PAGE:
* Nikkei drops 0.3 pct, renewed yen strength hurts
* Daikin slides on report it wants to buy Goodman
* Advantest up 3.7 pct on news of buyout offer for Verigy
* China rate rise concerns weigh early but later shrugged off
By Antoni Slodkowski and Chikafumi Hodo
TOKYO, Dec 7 (Reuters) - Japan's Nikkei average ended 0.3
percent lower on Tuesday as renewed yen strength encouraged
profit-taking but market players said underlying sentiment that
took the benchmark to six-month highs last week remained bullish.
M&A news saw airconditioner maker Daikin 6367.T slide
almost 4 percent after Bloomberg news said it was in talks to buy
U.S. rival Goodman Global Group in a deal that could be worth
more than $3.6 billion. [ID:nTOE6B6037]
But chip equipment maker Advantest 6857.T jumped 3.7
percent after it made a $729 million buyout offer for U.S. rival
Verigy Ltd VRGY.O. [ID:nSGE6B509V]
The Japanese currency has more risen than one yen to 82.62
yen per dollar JPY= since disappointing U.S. jobs data last
week and a suggestion from the Federal Reserve that it could
expand its bond buying if needed to help the economy.
The euro, weighed down by concerns about euro zone debt, has
also eased against the yen.
"The yen's firmness is putting pressure on the Nikkei.
Precision machinery shares are especially under pressure due to
the yen's strength on the euro," said Hiroaki Kuramochi, chief
equity marketing officer at Tokai Tokyo Securities.
"So far we are not overly worried about the yen's recent
recovery, but we'll be more concerned should the yen approach 80
(against the dollar)," said Kuramochi.
The Nikkei .N225 closed the day down 26.13 points at
10,141.10 in light trade, but remains not too far from a
six-month high of 10,254.00 hit last week.
The broader Topix index .TOPX also shed 0.3 percent to
The official China Securities Journal reported that China's
central bank may tighten credit which weighed on Chinese shares
and in turn Tokyo equities in early trade.
But both markets later appeared to have shrugged off those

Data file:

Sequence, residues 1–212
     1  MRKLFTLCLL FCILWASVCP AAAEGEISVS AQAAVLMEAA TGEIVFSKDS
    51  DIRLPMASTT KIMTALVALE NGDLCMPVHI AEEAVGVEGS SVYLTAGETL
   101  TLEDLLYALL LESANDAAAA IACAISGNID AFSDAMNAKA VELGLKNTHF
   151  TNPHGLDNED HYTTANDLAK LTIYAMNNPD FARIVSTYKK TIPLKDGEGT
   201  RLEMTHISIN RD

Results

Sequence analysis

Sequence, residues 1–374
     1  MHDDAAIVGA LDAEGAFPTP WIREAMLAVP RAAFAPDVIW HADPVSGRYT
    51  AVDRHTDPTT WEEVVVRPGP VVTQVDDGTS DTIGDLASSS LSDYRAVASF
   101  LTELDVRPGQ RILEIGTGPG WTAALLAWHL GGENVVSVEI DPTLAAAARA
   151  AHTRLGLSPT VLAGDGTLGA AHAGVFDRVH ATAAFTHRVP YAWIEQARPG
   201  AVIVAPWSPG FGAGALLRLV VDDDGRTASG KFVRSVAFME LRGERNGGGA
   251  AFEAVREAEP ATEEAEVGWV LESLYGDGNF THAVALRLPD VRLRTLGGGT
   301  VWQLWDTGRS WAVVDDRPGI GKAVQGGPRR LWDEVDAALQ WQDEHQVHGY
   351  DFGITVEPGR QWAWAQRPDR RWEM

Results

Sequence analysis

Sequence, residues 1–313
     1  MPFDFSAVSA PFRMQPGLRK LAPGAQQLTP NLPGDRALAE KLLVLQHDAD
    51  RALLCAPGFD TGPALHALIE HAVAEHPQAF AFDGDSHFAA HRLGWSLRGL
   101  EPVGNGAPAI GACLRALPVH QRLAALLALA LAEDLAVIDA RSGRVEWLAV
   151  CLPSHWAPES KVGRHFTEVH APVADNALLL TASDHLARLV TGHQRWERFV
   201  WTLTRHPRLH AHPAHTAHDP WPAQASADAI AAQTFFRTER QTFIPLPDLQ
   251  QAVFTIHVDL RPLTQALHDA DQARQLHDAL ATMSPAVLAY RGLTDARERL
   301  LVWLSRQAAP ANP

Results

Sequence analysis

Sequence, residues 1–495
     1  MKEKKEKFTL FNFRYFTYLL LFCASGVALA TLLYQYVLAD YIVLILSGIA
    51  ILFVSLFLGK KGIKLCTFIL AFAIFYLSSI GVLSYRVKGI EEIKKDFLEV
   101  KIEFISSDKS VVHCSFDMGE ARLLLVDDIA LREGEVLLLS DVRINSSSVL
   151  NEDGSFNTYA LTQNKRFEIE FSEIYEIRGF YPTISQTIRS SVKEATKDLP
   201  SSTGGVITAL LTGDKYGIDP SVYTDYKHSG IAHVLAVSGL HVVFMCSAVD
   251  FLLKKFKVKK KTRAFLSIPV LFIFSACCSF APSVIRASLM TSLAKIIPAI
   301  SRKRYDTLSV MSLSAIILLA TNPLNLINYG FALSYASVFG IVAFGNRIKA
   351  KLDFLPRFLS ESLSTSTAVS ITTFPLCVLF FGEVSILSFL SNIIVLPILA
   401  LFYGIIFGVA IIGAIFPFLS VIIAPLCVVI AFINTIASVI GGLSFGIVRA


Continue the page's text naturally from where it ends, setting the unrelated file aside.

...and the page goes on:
concerns in a sign that investors were getting used to the idea
that China may raise rates.
"Traders in Tokyo looked at China and thought that if those
markets aren't that worried, then we don't need to worry either,"
said Shoji Yoshigoe, senior investment strategist at Mitsubishi
UFJ Morgan Stanley Securities Co. Ltd.
Investors were also hesitant about taking large positions in
the Nikkei ahead of the closely watched settlement of futures and
options prices on Friday.
The settlement, known in Japan as the special quotation or
"SQ", is calculated from the opening prices of the 225 shares on
the Nikkei average on the second Friday of the month.
Many investors appeared to have finished rolling over their
positions to the March contract, a Tokyo-based options trader
said, adding that he expects contracts expiring in December will
settle around 10,050-10,300.
Some 1.7 billion shares changed hands on the Tokyo exchange's
first section, up from 1.48 billion hit on Monday when it was at
its lowest for over a month, but below last week's daily average
of 1.81 billion.
Advancing issues outnumbered declining ones by almost 2 to 1.
"The underlying sentiment is still bullish, but volume is
likely to stay low unless we see a clear break above 10,300 or
10,400 levels," said Yoshigoe, adding that more retail investors
would join the market above those levels.
Daikin fell 3.8 percent to 2,993 yen, reflecting investors
concerns that the company may issue shares to finance such a
Advantest, which counts Intel Corp INTC.O as a customer for
its memory testing equipment, climbed to 1,866 yen, with Nomura
Securities analyst Tetsuya Wadaki saying that it was a sensible
move given the lack of growth opportunities in the tester market
and Advantest's ability to fund such a deal.
The rising yen has helped reignite a push by Japanese
companies to snap up overseas assets and secure growth outside
their sluggish domestic market. Outbound M&A doubled in the first
nine months of 2010 to a total $31.5 billion.
(Editing by Edwina Gibbs)